Sleepwalking is a parasomnia â€” an unwanted behavior performed during sleep. This condition can occur at any age, but sleepwalking in adults is less common than in children. Sleepwalking may be alarming, but most sleepwalkers don’t need treatment.
The American Academy of Sleep Medicine (2010) reports that up to 17 percent of children are sleepwalkers, with most between the ages of 8 and 12. A child’s risk of sleepwalking increases if his parents are sleepwalkers, though his condition usually resolves by adolescence.
Possible sleepwalking causes include:
- Bloated stomach
- Fever (in children)
- Noise or light while sleeping
- Sleep deprivation
- Unfamiliar sleep setting.
Certain substances can trigger sleepwalking in adults and children, including alcohol, drug abuse, antihistamines, some antibiotics, and sedatives.
Various medical conditions can also cause sleepwalking, including apnea, encephalitis, head injuries, hyperthyroidism, migraines and seizures. Female sleepwalkers may also sleepwalk during their periods.
Sleepwalking symptoms may include:
- Clumsy movement and speech
- Glassy-eyed expressions
- Performing routine daytime activities while asleep
- Sitting up in bed with open eyes
- Speaking, shouting or screaming
- No memory of events while sleepwalking
- Walking through the house, opening doors or turning on/off lights.
When woken, sleepwalkers are often confused and disoriented, though they are usually difficult to awaken. They may lash out in confusion, which is more common in men than women.
Sleepwalking may cause bizarre behavior. Sleepwalkers may climb out of windows, urinate in inappropriate places, expose themselves or engage in sexual behavior. Some sleepwalkers even drive while asleep.
Sleepwalking in Adults
Sleepwalking in adults is uncommon. According to the American Academy of Sleep Medicine (2010), only 4 percent of adults are sleepwalkers. Sleepwalking in adults often has an underlying cause, such as sleep apnea or medication side effects.
Sleep Eating Syndrome
Sleep eating syndrome causes an individual to eat while asleep or semiconscious. Sleep eating syndrome is considered both an eating disorder and a sleep disorder. Complications of sleep eating syndrome include obesity, as individuals often eat large amounts of food. Stress and underlying sleep disorders may cause sleep eating syndrome.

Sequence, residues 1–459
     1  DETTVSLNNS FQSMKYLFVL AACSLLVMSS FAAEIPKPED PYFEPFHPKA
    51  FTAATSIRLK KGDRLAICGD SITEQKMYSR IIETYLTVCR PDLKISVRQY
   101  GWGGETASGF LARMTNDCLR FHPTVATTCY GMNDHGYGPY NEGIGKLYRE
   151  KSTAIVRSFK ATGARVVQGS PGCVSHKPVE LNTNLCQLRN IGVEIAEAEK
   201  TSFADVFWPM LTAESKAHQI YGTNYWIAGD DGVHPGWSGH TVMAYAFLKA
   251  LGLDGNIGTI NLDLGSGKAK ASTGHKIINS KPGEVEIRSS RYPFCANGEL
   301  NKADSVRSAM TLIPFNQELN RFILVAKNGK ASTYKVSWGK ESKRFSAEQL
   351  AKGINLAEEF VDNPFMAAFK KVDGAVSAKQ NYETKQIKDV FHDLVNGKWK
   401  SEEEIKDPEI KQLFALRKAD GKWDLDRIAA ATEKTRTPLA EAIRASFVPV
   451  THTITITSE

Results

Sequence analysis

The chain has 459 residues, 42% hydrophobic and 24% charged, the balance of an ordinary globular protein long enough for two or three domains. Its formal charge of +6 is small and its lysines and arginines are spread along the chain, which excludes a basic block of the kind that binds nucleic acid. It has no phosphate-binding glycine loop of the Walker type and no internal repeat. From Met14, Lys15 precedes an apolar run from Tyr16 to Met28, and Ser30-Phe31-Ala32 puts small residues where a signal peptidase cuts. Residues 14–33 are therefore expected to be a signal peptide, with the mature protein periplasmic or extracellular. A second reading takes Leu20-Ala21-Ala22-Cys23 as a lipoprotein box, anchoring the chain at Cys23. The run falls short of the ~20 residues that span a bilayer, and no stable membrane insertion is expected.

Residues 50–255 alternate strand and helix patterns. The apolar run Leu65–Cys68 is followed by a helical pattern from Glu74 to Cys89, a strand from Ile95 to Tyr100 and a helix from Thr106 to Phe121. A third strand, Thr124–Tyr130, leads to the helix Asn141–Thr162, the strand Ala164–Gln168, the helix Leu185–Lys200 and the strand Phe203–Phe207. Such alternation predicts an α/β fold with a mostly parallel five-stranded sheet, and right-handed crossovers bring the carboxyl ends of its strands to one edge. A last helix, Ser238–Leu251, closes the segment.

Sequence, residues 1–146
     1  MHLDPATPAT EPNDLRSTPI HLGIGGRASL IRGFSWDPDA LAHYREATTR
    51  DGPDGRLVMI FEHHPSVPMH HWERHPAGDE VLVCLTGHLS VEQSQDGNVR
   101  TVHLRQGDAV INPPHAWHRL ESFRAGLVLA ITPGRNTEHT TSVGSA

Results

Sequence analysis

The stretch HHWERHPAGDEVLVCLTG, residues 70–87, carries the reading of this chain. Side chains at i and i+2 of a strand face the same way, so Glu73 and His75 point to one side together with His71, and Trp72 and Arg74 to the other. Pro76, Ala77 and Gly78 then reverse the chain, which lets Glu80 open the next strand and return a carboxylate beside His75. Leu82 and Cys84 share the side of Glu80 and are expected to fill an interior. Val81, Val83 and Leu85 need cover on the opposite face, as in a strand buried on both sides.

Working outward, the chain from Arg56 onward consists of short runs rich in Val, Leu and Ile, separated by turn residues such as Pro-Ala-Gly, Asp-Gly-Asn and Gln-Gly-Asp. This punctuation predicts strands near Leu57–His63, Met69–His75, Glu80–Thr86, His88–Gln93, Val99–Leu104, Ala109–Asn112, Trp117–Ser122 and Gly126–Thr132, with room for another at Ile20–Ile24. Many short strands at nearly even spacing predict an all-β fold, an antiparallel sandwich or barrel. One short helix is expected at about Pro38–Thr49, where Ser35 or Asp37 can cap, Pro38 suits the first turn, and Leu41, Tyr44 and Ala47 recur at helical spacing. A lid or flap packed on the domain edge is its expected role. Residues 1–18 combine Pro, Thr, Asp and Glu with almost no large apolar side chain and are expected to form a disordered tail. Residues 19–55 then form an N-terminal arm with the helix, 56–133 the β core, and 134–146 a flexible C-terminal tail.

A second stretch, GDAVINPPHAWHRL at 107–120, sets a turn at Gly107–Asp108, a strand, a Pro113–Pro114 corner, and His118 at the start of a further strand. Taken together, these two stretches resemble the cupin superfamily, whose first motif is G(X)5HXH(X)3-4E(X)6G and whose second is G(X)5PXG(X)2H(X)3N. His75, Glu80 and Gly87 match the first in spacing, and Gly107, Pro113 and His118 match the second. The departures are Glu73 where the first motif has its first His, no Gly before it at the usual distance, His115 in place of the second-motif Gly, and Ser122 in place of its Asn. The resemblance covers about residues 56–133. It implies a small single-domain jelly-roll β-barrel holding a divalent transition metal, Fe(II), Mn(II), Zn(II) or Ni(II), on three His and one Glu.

Sleepwalkers rarely require treatment. Treating sleepwalking in adults may require hypnosis and short term use of benzodiazepines or antidepressants. If sleepwalking is a result of underlying medical problems, treating these conditions may prevent further sleepwalking.
If you are â€” or live with â€” a sleepwalker, you can lower the risk of sleepwalking-related accidents. If possible, choose a bedroom on the ground floor to prevent falling downstairs. If you have a child sleepwalker, consider installing an alarm on his door to alert to you his sleepwalking.
A regular sleep schedule with a relaxing routine before bed may also reduce the risk of sleepwalking. Rather than waking sleepwalkers, talk to them gently and lead them back to bed.
American Academy of Sleep Medicine. (2007). Sleepwalking. Retrieved August 23, 2010, from http://www.sleepeducation.com/Disorder.aspx?id=14.
Dyken, M. E. (2006). Sleep walking: Frequently asked questions. Retrieved August 23, 2010, from http://www.uihealthcare.com/topics/medicaldepartments/neurology/sleepwalking/index.html.
Golbin, A. (2010). Nocturnal eating syndrome: A dramatic parasomnia. Retrieved August 23, 2010, from http://www.talkaboutsleep.com/sleep-disorders/archives/parasomnias_nocturnal.htm.
Mayo Clinic. (2009). Sleepwalking. Retrieved August 22, 2010, from http://www.mayoclinic.com/health/sleepwalking/DS01009/METHOD=print.
Stanford University. (1998). Nocturnal eating syndrome (sleep-related eating) information. Retrieved August 23, 2010, from http://www.stanford.edu/~dement/Sleepeating.html.